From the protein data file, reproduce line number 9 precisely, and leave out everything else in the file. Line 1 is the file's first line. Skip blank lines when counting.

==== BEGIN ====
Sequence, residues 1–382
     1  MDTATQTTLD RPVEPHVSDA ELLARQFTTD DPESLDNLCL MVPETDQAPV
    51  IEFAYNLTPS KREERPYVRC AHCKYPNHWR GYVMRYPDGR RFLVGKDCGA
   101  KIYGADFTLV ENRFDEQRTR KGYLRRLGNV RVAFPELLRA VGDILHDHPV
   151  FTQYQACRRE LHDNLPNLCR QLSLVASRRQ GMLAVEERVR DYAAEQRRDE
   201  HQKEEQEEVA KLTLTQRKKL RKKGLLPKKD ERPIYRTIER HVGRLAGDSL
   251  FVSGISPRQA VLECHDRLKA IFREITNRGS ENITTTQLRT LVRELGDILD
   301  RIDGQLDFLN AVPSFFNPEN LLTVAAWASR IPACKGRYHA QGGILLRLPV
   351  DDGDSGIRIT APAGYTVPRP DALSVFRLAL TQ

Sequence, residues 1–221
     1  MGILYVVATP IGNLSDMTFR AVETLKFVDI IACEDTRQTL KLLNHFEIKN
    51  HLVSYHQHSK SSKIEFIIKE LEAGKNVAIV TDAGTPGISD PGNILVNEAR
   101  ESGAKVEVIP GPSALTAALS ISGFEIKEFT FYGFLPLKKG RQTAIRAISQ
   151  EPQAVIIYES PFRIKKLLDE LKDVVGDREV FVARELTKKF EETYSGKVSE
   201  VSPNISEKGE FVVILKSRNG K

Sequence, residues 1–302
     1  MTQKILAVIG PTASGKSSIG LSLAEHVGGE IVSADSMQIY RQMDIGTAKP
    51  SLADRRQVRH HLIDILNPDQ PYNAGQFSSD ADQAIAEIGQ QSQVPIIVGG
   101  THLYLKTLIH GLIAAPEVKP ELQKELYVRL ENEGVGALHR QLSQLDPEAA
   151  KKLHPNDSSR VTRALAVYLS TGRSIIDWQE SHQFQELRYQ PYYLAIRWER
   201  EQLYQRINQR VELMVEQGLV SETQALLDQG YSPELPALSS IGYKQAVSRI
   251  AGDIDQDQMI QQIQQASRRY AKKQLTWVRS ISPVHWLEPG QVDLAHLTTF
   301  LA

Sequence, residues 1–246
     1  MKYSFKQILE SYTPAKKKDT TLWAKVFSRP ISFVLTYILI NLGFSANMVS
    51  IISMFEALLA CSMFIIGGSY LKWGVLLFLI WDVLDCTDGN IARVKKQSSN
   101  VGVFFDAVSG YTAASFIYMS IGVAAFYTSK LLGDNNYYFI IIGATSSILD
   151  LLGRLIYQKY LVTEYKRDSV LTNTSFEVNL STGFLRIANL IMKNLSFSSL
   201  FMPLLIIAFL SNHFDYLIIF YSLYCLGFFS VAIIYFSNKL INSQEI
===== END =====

   351  DDGDSGIRIT APAGYTVPRP DALSVFRLAL TQ